February 9, 2018 / 3:17 PM / in 15 days

CANADA FX DEBT-C$ recoups losses as Wall Street gains offset jobs plunge

    * Canadian dollar at C$1.2596, or 79.39 U.S. cents
    * Loonie touches its weakest since Dec. 27 at C$1.2690
    * Bond prices higher across the yield curve
    * Canada-U.S. 10-year spread widens by 3.5 basis points

    By Fergal Smith
    TORONTO, Feb 9 (Reuters) - The Canadian dollar was little
changed against its U.S. counterpart on Friday, rebounding from
an earlier six-week low, as gains for U.S. stocks offset the
biggest decline in domestic jobs in nine years.    
    The decrease of 88,000 Canadian jobs was unexpected, against
economists' forecasts for a gain of 10,000, and made for the
biggest decline since January 2009.             
    Still, all the job losses were part-time, as full-time jobs
rose 49,000. The economy added jobs last year at the fastest
pace since 2002.
    "It's certainly another reason for the Bank of Canada to
bide its time and probably wait until July before raising
interest rates again," said Sal Guatieri, senior economist at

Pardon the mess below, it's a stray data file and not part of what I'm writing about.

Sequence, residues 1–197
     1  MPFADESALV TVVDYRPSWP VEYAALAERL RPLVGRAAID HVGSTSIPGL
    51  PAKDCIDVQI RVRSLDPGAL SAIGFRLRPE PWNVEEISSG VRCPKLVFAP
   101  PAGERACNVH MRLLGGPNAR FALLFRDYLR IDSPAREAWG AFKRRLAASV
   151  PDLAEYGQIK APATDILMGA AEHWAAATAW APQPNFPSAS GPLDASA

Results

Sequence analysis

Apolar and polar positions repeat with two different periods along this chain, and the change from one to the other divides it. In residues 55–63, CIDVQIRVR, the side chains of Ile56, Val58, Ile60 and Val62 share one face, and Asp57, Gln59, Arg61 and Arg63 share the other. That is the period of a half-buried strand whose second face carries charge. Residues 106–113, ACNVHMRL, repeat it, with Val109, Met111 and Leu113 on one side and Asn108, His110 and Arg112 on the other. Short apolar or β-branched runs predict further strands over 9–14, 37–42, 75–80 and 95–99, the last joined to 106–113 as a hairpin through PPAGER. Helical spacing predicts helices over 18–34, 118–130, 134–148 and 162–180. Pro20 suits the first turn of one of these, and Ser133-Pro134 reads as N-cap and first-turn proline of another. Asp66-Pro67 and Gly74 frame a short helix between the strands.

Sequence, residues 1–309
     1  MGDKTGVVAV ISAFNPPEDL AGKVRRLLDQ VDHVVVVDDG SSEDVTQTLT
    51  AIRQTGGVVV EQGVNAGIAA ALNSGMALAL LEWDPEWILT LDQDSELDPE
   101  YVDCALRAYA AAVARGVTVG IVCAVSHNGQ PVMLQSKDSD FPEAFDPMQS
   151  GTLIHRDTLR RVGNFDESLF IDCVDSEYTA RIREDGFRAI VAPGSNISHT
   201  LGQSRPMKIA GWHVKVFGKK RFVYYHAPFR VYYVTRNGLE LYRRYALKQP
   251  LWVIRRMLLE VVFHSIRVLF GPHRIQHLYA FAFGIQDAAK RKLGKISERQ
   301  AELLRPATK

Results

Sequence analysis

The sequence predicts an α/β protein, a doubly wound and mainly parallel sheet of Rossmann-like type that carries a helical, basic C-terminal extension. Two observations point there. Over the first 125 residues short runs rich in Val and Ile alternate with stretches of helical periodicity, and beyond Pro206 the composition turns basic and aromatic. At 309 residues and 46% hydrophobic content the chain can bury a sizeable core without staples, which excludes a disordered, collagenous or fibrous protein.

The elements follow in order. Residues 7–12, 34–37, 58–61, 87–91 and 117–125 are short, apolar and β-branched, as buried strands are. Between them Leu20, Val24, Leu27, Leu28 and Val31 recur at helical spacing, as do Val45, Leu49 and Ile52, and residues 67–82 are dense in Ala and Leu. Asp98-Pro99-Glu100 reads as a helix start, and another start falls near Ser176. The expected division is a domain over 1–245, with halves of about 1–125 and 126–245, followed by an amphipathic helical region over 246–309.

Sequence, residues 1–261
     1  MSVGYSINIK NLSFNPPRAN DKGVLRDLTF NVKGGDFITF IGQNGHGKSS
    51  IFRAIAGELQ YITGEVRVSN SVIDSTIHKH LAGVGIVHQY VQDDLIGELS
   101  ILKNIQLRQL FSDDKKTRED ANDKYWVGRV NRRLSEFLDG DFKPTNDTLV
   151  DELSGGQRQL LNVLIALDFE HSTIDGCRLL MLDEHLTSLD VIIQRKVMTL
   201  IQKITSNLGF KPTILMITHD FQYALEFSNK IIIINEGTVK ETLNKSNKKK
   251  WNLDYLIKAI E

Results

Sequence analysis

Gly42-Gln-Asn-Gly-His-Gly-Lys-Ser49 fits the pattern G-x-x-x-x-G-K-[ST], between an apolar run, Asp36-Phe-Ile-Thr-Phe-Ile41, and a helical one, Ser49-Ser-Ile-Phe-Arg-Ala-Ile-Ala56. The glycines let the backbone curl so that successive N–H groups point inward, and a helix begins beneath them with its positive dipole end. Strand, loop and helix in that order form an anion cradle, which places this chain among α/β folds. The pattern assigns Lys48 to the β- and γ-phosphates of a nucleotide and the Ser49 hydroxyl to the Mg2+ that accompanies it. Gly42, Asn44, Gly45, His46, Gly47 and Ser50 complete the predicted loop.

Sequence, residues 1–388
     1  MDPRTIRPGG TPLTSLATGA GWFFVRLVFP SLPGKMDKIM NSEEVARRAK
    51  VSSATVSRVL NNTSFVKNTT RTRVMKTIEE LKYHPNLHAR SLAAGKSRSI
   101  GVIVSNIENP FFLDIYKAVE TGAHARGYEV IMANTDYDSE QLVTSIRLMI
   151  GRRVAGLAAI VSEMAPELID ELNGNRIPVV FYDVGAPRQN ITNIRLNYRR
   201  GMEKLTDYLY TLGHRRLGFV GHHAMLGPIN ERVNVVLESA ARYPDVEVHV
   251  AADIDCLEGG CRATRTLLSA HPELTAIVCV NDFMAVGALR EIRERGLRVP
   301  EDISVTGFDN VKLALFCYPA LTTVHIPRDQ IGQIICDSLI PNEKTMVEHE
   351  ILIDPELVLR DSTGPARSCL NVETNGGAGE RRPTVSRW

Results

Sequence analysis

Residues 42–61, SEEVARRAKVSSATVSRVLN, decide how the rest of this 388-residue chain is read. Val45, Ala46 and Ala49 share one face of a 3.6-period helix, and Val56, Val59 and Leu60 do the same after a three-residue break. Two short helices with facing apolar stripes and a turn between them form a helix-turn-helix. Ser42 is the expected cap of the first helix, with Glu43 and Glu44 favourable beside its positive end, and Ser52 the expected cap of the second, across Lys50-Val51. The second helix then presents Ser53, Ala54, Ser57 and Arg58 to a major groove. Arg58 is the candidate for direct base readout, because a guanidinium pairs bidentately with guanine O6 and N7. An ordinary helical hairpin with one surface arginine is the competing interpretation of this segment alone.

BMO Capital Markets.
    "There's a lot of concerns about trade protectionism ... and
the impact of new mortgage rules on our housing market."
    Chances of a rate hike in April slipped to less than 50
percent from 58 percent before the jobs report, data from the
overnight index swaps market showed.           
    The Bank of Canada last month raised its benchmark interest
rate to 1.25 percent, its third hike since July.
    U.S. stocks opened sharply higher as technology and
financial stocks rose, but the S&P 500 and Dow Jones Industrial
Average remained on course for their biggest weekly losses in at
least six years.             
    Commodity-linked currencies, such as the Canadian dollar
tend to underperform when stocks fall. The loonie has retreated
2.6 percent since Wall Street began to head sharply lower a week
ago.
    At 9:58 a.m. EST (1458 GMT), the Canadian dollar         
was trading 0.1 percent higher at C$1.2596 to the greenback, or
79.39 U.S. cents.
    The currency's strongest level of the session was C$1.2561,
while it touched its weakest since Dec. 27 at C$1.2690.
    The price of oil, one of Canada's major exports, fell for a
sixth day and was on track for their biggest weekly losses in 10
months, as record-high U.S. crude output added to concerns about
a sharp rise in global supplies.             
    U.S. crude        prices were down 1.1 percent at $60.49 a
barrel.    
    Canadian government bond prices were higher across the yield
curve, with the two-year            up 6.5 Canadian cents to
yield 1.814 percent and the 10-year             rising 21
Canadian cents to yield 2.348 percent.
    The gap between Canada's 10-year yield and its U.S.
equivalent widened by 3.5 basis points to a spread of -51.1
basis points, its widest since Dec. 19.

 (Reporting by Fergal Smith; Editing by Bernadette Baum)
  
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